Inheritance scams

Good Day
[email protected]

Scam Email received 5/18/2019

Email From:

Sender Name:

Richard Philip Richard

Other emails used:

[email protected],

Email Subject:

Good Day

Good Day – [email protected]

Dear Respectfully, I write to seek for your indulgence on a US$9.7Million deal, I am an Insurance agent by profession, this funds was supposed be paid to my late client as Life Assurance policy, he died interstate without any next of kin in case of eventuality and now the paying institution has mandated me as the agent that I present the next of kin to this funds from now till second week of December after which the government will confiscate it. Due to the fact you have a similar last name with him and With the papers in my possession, I will make you the sole beneficiary to this payment by submitting your credentials to the bank as the next of kin after which you and I will share it equally among ourselves than leaving this opportunity for other insurance agents to benefit or allowing it paid into the government coffers as unclaimed policy. Best Regards Richard Philip Richard Philip Richard – [email protected]

The above email is a scam. If you still think is legitimate, but you’re still concerned, then follow these steps:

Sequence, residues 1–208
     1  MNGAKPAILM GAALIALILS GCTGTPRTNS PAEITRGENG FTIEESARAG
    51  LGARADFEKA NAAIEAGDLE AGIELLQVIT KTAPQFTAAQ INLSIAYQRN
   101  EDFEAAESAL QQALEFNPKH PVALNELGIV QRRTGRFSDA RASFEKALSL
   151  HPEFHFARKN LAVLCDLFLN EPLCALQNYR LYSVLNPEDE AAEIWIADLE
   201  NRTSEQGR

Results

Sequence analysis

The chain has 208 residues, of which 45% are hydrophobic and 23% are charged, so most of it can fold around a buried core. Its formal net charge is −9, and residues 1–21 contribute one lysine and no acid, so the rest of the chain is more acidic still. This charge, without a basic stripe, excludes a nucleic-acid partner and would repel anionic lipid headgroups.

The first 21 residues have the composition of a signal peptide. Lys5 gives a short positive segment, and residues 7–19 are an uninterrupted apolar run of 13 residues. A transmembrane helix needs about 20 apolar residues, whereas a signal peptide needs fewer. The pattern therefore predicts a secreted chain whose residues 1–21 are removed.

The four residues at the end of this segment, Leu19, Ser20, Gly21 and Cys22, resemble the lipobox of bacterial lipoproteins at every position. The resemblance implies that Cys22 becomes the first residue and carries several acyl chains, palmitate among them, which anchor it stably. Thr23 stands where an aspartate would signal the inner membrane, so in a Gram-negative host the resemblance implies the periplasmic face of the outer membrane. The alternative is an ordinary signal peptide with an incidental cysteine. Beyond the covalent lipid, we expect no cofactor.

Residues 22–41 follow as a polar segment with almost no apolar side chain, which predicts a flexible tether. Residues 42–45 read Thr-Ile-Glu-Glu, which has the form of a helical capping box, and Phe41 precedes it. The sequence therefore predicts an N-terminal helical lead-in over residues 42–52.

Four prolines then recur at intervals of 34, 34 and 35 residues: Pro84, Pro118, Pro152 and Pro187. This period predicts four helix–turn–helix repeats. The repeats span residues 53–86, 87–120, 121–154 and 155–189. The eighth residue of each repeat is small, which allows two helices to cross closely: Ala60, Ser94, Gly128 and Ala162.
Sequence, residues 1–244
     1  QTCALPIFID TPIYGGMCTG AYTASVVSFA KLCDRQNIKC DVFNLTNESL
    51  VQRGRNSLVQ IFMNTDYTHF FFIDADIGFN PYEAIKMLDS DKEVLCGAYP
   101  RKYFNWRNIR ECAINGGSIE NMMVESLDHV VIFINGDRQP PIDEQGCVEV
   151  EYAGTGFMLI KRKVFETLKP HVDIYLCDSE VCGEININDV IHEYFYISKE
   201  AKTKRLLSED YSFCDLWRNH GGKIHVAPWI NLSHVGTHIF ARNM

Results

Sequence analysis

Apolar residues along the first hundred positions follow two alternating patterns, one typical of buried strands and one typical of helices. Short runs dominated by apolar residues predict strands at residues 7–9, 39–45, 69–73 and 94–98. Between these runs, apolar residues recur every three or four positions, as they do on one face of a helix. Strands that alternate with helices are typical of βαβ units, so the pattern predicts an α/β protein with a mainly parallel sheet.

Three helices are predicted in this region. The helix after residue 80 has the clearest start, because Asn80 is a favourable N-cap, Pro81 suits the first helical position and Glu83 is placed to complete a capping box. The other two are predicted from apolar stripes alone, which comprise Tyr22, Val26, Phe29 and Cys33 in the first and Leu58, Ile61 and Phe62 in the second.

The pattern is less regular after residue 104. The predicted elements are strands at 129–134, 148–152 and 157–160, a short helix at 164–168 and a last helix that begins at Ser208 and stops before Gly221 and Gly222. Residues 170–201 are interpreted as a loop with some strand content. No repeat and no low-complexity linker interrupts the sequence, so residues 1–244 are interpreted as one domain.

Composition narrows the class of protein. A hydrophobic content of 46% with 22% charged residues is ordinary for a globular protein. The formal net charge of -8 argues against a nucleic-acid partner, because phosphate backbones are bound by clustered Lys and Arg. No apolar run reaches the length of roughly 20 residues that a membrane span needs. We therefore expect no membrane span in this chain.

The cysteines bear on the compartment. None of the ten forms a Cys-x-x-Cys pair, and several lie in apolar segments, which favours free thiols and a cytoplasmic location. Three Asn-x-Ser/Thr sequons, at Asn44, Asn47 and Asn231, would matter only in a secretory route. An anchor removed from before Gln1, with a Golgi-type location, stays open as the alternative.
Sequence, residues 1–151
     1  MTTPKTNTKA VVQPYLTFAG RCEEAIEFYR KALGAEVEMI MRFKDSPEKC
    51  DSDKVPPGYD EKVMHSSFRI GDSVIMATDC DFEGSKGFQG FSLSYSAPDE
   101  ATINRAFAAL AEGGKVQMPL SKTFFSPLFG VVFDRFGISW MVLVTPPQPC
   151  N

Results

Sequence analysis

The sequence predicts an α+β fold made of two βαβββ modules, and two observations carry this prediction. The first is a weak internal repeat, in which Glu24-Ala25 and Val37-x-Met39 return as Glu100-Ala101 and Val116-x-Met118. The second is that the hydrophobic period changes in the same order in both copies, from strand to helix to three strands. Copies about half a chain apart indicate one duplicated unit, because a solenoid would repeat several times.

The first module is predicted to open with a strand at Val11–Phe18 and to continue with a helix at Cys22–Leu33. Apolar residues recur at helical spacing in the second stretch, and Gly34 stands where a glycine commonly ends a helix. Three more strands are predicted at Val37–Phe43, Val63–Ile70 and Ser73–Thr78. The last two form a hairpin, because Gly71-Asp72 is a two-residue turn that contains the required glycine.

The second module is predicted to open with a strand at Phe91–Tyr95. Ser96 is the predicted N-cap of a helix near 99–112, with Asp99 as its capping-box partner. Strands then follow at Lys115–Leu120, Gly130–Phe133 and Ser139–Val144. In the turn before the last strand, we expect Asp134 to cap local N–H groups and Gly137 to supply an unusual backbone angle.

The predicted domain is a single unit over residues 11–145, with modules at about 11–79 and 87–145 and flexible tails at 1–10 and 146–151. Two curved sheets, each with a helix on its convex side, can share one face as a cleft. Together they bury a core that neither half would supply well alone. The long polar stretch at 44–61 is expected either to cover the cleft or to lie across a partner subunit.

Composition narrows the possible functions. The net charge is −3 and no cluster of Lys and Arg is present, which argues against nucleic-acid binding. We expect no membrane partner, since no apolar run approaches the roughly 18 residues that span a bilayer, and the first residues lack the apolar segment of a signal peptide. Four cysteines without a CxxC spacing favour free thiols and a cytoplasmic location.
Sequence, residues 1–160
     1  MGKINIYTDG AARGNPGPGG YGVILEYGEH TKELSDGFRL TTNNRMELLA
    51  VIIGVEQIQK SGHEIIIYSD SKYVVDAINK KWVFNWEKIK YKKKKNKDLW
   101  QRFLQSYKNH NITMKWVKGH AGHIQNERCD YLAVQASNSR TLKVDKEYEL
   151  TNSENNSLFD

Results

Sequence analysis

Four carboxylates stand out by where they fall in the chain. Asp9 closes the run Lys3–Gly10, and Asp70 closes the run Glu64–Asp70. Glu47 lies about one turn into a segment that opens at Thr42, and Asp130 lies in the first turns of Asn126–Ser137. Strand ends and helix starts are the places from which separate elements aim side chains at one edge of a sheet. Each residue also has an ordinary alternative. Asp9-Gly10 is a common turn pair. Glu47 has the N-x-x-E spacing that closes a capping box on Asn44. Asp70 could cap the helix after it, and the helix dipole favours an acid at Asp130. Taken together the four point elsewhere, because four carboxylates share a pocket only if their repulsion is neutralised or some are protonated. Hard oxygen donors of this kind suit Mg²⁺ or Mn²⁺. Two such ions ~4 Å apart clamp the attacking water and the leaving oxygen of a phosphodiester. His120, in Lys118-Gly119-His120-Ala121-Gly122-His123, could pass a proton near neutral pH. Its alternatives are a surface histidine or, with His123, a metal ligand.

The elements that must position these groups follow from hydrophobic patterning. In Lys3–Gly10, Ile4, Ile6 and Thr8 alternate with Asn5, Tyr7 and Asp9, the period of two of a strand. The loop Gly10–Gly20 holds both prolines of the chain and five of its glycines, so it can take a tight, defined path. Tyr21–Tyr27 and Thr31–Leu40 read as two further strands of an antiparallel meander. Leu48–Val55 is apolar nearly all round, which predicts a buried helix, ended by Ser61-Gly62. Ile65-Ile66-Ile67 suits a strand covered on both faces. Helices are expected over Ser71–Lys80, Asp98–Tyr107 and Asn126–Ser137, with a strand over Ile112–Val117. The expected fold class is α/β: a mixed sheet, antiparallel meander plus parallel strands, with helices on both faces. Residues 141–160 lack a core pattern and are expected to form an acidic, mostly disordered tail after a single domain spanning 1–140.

Ten Minutes 10 minutes.

How to check if you received a scam email

  1. Google the details.

    Do a Google search for the persons name/company name that the email has come from.

  2. Confirm the details.

    Visit their website and look for a phone number or email address. Search for the website yourself. Do not assume the details in the email are valid.

  3. Confirm using the information you have found

    Using the details you have researched, call or email the business and ask them to verify the information within the email.

  4. Check if the email has been sent to multiple people

    Google snippets of the email text to see if the same format has been used in the past. eg “Army officer from Syria but now living with the United Nations on asylum”

Most of us know someone who is vulnerable to these types of attacks. Fortunately, if you’re aware of the presence of these scams, and armed with some basic knowledge on identifying them, you can greatly reduce your chances people you know becoming a victim. Please help them by sharing this information on Facebook or Twitter using the #telltwo and #takefive hashtags.

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